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Landmarks of Power: Building a Southern Past, 1885-1915 Catherine W. Bishir In 1901, the speaker at the dedication of the Olivia Raney Library in Raleigh, North Carolina, compared the city's landmarks with those of Washington, D.C. In the national capital, "three great architectural monuments" possessed "symbolic significance": the United States Capitol, the Washington Monument, and the Library of Congress. "So in our smaller sphere," three landmarks of Raleigh stood out. First was the old State Capitol, "symbolizing the commonwealth's loyalty to constitutional liberty." Near it stood two newer landmarks. "Our handsome Confederate monument" on the Capitol grounds offered "a token of our loyalty to the memory of our fallen heroes who laid down their lives in defense of those principles for which Washington so successfully fought." And the library, given by local businessman Richard Beverly Raney in memory of his wife, provided "a memorial of the highest type of our cultured Christian womanhood"—a classically detailed building in which "the simplicity and elegance of its graceful proportions and unpretentious appearance" evoked its namesake's exemplary character , while its proximity to the war memorial recalled "that noble band of women" (including Mrs. Raney) "to whose untiring efforts we are chiefly indebted for our Confederate monument."1 In this address, the Reverend M. M. Marshall of Christ Episcopal Church in Raleigh identified three important types of landmarks that gained dominion throughout the turn-of-the-century South. In addition to revering antebellum buildings as survivors from a glorious past, leaders of his generation employed the twin arts of sculpture and architecture to assert their own definition of the past and its relationship to the present and the future. As Marshall's ceremonial comments illuminated, these new landmarks represented a set of interlocking beliefs, including the renewed place of the vindicated South in the American mainstream , the Tightness and patriotism of the Confederate cause, and the association of classical architecture with idealized southern virtues. Seen in the context of contemporary cultural and political events, the creation of symbolic sculpture and architecture by the southern elite functioned as part of their reclamation of regional and national power. As they placed monuments in prime civic spaces, whether commemorating the heroes of the Confed- Southern Cultures View of Hillsborough Street, Raleigh, ca. 1903, looking west from Union Square. Seen left to right: Olivia Raney Library, Confederate monument, and Raney House. Reprinted with permission from the North Carolina Division of Archives and History, Raleigh. eracy, the patriotic women of colonial Edenton, or the Revolutionary fighters of the Cape Fear region, these leaders spelled out chapter after chapter of a saga of patrician Anglo-Saxon continuity, of order, stability, and harmony. The location of monuments in the state's principal civic places lent authority to the version of history they represented, while at the same time the monuments claimed those public spaces and thereby defined the setting for public life. And, just as monuments commemorated specific heroes and events, so architecture commemorated and asserted the renewed continuity of the values and way of life those heroes represented. In public and institutional buildings, classicism universally reiterated the ideal of a venerable and stable hierarchy, while in residential architecture the Colonial Revival symbolizing "the big-heartedness and hospitality which are the rightful heritage of the southern people" recreated in modern terms the deferential social relations the antebellum plantation represented. Thus, just as they took control of the political process during the decades spanning the turn of the century, the southern elite also codified a view of history that fortified their position in the present and their vision of the future. By erecting public landmarks celebrating that history and proclaiming a legitimizing continuum from the Old South to the New South, they shaped both public memory and public life. Raleigh and Wilmington, North Carolina's largest cities in 1890 and its main centers of political and cultural activity, provide case studies of this process during a defining period of crisis.2 Bishir: Landmarks of Power7 The Southern Elite as Shapers of Public Memory Throughout America in the decades just before and after 1900, political and cultural elites drew upon the imagery of past golden ages to shape...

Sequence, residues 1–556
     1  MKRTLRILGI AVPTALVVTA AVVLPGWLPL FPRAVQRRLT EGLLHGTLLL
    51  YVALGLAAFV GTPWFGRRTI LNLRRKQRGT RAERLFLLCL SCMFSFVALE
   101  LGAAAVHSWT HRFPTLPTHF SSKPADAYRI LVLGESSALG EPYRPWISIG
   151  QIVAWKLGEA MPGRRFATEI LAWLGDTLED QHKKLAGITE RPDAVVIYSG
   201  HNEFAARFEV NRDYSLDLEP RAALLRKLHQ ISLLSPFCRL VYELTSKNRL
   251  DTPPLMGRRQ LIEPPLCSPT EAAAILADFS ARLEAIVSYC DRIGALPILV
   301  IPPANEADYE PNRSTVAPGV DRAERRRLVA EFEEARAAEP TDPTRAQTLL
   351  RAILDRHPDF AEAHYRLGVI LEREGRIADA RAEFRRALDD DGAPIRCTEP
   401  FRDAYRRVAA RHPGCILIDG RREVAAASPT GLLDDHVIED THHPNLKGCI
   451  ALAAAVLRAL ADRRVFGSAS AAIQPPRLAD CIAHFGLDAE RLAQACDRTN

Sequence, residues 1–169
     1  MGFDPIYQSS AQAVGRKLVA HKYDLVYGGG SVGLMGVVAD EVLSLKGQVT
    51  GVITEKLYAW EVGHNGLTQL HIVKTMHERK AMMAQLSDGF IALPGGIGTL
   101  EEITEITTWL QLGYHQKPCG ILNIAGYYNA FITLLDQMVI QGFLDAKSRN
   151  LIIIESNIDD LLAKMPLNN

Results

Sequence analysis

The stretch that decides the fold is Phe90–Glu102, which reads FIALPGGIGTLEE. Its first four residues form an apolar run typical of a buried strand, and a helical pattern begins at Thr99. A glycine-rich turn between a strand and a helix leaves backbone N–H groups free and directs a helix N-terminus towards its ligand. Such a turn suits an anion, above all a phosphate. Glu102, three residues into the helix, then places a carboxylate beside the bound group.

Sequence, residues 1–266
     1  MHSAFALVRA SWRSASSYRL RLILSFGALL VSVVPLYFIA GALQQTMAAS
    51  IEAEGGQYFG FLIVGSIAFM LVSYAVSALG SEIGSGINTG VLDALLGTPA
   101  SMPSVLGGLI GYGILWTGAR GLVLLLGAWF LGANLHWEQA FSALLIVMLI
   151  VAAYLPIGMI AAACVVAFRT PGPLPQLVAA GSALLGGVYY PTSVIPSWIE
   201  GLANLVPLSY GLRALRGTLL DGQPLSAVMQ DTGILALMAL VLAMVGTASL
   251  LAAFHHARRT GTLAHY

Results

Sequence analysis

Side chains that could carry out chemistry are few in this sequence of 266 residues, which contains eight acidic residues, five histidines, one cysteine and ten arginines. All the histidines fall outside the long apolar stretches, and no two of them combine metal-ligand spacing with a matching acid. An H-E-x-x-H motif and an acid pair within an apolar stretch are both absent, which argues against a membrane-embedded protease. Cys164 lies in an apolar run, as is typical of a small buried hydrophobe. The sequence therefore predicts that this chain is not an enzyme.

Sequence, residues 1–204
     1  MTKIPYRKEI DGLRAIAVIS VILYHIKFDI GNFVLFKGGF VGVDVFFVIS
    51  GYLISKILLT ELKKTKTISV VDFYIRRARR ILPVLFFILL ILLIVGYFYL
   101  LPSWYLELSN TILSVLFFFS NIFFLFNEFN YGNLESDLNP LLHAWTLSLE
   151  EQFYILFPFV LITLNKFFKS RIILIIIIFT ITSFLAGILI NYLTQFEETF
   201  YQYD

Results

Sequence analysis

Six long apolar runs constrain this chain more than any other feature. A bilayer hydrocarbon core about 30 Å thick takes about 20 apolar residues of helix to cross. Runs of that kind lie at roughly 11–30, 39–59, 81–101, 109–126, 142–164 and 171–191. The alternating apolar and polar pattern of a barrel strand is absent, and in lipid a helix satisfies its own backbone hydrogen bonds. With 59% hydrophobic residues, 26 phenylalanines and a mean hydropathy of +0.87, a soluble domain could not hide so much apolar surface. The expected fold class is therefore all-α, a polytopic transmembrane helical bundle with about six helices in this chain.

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Additional Information

ISSN
1534-1488
Print ISSN
1068-8218
Pages
pp. 5-45
Launched on MUSE
2012-01-04
Open Access
No
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